The iOS 7 is bringing a bit of a revolution to Apple.
The mobile operating system that will be used on the iPhone 5S announced Tuesday (as well as on the iPad and iPod touch) has a radical new interface, one that seems to embrace its digital world.
Alexis Madrigal — senior editor at The Atlantic and a visiting scholar at Berkeley’s Center for Science, Technology, Medicine, and Society — explains that iOS 7 is a complete, post-Steve Jobs overhaul of Apple’s operating system.
To be clear: If you’re an iPhone user, everything — your email, your calendar, your texts, your phone dialer, your photos, your notes — will look and work differently,” Alexis writes.
As Madrigal explains, previous versions of the iPhone and other Apple touch products used visual cues that helped people connect the apps they were using to real-world objects. The tabs of web browsers looked like real folders, the Notes app showed a pad of yellow paper with lines on it, and even the camera had the look and sound of a mechanical shutter.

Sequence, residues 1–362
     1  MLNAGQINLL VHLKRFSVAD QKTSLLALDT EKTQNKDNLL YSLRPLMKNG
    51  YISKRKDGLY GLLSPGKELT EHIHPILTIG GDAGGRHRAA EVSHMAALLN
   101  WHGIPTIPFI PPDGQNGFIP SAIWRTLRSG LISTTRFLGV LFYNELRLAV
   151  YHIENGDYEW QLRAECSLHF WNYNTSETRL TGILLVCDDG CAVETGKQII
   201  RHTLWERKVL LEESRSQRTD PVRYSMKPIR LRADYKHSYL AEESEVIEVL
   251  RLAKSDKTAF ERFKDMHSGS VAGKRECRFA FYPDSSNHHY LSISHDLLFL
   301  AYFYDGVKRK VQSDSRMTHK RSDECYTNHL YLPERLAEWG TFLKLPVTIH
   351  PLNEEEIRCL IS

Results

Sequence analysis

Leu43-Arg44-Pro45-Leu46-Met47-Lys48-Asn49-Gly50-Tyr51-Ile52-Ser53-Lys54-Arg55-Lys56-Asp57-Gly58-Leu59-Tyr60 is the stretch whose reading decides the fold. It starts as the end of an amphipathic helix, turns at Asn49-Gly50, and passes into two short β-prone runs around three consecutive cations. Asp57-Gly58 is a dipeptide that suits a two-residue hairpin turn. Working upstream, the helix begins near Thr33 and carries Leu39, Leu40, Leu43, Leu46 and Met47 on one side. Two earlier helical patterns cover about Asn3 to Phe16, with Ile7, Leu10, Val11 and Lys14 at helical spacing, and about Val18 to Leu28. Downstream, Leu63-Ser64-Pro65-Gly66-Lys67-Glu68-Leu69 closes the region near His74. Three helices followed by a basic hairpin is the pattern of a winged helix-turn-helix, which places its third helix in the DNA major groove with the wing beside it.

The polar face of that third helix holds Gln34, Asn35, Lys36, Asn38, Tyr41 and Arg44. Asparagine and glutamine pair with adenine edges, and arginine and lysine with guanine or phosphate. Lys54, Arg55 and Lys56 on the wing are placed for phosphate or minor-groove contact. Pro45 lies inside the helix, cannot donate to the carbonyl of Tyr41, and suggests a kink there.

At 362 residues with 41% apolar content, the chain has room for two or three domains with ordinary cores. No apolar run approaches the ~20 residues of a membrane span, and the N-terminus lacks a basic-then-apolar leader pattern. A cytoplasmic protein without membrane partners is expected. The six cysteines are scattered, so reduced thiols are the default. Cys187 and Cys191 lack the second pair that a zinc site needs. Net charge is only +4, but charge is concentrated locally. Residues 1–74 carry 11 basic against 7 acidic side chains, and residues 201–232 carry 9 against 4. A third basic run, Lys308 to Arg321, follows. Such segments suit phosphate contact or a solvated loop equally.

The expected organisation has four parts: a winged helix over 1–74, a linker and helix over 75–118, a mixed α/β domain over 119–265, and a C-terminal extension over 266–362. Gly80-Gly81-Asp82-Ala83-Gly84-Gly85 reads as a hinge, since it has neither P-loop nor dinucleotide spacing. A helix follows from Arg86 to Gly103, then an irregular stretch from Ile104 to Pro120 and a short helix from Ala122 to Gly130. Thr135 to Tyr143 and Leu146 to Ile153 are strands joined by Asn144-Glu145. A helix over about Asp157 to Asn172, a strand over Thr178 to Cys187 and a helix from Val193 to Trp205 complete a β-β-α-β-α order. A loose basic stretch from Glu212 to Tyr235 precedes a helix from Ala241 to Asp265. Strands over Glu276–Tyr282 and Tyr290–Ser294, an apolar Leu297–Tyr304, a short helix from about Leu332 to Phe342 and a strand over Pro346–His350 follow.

With iOS 7, all those things are gone, and instead of the subtle clues that helped people understand how and when to use the apps, the system has simple animations showing them how apps slide and move.
The new system, which is expected to be unveiled with the iPhone 5S, has another new concept — a light source in the phone, rather than one shining down on it.
“What it all means is that Apple has decided we’re all finally natives in the world of the screen,” Madrigal wrote. “And whether or not we like the idea, we can do things on our phones that are impossible in the physical world. The gadget is now the official center of the world Apple has created, and it needs no outside help.”
Users who want a jump on iOS 7 before buying the iPhone 5S can check out a review and some tips at PCMag.com.